Stop the super profits

It’s time for action for fairer prices at the checkout.

Sign the petition

Every day, the major supermarkets are making more than $1 million in excess profits.

Excess profits mean you pay more than you should at the checkout. 

New Zealanders deserve better but the Commerce Commission’s recommendations don’t go far enough.

We need more competition to drive down prices and give consumers better choices. 

Sign the petition

With more and more New Zealanders struggling with the rising cost of groceries, the major supermarkets' excessive profits are a slap in the face. 

We're calling on Minister David Clark to act now to create more competition, make profits fair and lower grocery prices for New Zealanders. 

We need your support to make this happen. There’s power in numbers and we need to convince the Government to take action.

Sign our petition and share with your family and friends to #stopthesuperprofits.

By signing, you authorise us to collect and use your name and email address to record your support for this petition. This information will be held in accordance with Consumer NZ's Privacy Policy. You can only sign the petition once. Petition closes 9 June 2022. 

We're calling for more competition, fair profits and lower grocery prices for New Zealanders.  

No one is going to start up a supermarket without reliable access to wholesale groceries.

But it's the major supermarkets making super profits that dominate wholesale supply. The Commerce Commission has recommended the supermarkets consider supplying other retailers, but we don’t think this will fix the problem.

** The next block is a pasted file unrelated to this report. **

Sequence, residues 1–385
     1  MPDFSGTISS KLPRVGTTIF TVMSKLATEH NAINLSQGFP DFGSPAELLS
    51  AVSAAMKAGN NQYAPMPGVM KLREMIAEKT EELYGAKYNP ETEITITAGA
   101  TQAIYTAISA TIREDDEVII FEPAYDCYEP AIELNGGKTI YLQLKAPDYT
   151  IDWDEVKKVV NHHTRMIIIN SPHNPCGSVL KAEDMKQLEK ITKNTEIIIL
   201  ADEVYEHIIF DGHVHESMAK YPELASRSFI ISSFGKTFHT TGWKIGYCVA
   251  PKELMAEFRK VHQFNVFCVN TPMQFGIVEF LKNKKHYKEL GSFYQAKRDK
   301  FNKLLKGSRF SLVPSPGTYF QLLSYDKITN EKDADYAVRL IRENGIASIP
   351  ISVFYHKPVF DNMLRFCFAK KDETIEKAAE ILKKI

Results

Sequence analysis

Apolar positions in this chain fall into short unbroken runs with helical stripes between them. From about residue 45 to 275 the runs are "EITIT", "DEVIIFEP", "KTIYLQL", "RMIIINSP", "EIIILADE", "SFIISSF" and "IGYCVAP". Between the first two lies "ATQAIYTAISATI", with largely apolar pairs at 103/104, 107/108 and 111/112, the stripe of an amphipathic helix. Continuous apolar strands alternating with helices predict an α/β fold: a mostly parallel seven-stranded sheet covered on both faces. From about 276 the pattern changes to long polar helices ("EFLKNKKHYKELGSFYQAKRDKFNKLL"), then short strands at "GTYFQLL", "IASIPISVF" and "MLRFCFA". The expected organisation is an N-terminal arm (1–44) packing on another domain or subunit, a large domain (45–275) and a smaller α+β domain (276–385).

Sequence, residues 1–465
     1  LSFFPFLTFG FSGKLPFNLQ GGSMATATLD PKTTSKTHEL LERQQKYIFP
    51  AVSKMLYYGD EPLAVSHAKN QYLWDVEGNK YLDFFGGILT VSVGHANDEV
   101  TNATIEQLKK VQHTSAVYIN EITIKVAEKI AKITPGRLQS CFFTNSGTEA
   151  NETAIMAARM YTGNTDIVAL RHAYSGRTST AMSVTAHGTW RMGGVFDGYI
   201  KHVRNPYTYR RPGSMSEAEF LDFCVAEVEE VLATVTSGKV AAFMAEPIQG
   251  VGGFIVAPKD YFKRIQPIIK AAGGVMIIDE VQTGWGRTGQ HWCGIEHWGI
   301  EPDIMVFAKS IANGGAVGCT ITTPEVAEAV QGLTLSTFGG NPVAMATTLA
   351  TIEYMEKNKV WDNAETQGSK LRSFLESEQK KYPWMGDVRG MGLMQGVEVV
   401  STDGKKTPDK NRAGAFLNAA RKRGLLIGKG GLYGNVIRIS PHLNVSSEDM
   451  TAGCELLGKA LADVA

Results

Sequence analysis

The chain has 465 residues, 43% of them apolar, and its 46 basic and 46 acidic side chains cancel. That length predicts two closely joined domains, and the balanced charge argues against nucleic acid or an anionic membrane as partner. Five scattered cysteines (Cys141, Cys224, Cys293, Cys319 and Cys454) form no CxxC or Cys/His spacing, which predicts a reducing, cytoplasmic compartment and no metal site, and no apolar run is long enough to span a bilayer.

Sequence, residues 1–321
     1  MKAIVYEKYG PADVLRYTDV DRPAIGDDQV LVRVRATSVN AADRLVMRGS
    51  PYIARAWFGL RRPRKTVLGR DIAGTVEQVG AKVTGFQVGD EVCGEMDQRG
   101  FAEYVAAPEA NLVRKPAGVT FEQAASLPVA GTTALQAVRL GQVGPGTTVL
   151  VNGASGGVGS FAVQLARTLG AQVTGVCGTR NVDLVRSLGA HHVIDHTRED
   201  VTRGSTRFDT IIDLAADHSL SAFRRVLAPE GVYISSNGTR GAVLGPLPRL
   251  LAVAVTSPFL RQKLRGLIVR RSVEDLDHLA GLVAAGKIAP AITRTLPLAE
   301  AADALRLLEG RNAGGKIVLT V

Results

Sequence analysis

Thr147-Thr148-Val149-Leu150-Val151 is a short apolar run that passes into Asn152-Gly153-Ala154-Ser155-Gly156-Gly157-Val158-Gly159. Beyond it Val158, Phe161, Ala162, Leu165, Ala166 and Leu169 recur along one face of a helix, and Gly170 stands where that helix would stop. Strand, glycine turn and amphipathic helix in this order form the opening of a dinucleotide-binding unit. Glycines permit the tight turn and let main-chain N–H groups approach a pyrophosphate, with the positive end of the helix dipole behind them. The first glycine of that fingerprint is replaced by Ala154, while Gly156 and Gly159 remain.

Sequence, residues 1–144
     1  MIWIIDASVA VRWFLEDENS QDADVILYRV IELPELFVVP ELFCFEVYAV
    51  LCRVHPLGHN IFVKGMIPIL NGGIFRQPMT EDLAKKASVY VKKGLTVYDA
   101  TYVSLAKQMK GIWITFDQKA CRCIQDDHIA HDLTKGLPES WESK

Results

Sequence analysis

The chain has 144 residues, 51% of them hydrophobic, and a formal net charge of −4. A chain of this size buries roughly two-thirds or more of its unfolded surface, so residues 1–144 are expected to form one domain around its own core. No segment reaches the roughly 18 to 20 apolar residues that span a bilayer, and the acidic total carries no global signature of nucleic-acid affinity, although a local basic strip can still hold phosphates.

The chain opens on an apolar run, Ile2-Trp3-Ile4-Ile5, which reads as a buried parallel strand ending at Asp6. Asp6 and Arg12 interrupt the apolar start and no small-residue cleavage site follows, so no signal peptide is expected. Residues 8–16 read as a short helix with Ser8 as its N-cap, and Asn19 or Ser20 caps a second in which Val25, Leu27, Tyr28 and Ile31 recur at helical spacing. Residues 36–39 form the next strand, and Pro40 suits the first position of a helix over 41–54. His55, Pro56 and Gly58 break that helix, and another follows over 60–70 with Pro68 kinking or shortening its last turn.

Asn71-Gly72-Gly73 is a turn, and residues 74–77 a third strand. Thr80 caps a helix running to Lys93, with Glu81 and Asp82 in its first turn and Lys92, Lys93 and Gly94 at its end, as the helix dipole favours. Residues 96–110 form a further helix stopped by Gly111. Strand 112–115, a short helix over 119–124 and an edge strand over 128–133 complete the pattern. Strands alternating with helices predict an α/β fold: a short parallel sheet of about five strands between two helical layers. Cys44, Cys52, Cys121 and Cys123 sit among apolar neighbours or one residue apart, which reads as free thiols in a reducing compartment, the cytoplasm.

We want the Minister to look into regulating access to wholesale supply or setting up a state-owned wholesaler. 

Regulating access to wholesale supply would: 

  • break the stranglehold the big supermarkets have on the market;  
  • allow new entrants and existing players fair and secure access to wholesale groceries; and
  • allow real competition on price and service at the supermarkets. 

A state-owned wholesaler would: 

  • create an independent source of wholesale groceries;  
  • allow fair access at reasonable prices for new entrants and smaller players; 
  • treat suppliers fairly, allowing local supply to flourish;
  • reduce New Zealand’s vulnerability to global supply chain volatility; 
  • promote greater choice for consumers; and  
  • accelerate sustainability in supply chains, in line with Government climate objectives.  

You can read more in our open letter to Minister David Clark about the supermarket sector

What’s happened to the price of food in NZ?

New Zealand supermarket profitability is more than twice what it should be.

The major supermarkets are making $1 million a day in excess profits, according to the Commerce Commission's profitability assessment. Inflation aside, those profits are hitting New Zealand households. 

Correction: Consumer NZ previously stated that excess supermarket profits are costing New Zealanders an extra $1000-$1200 per household, per year. We regret that an incorrect profitability measure was applied to calculate this figure which made it inaccurate. We apologise for any confusion caused. 

A lot of our pay packet is being spent on groceries.

Consumer NZ’s research found after housing costs are covered, a standard basket of food costs half of an average weekly income.  

New Zealanders' concern about the cost of food and groceries is increasing

Last year, 63% of New Zealanders said food and grocery costs were their biggest cost-of-living concern. In a recent poll, 98% of respondents said they were worried about the price of groceries. 

The Not-So-Supermarkets

Listen to our podcast from November 2021. 

In the media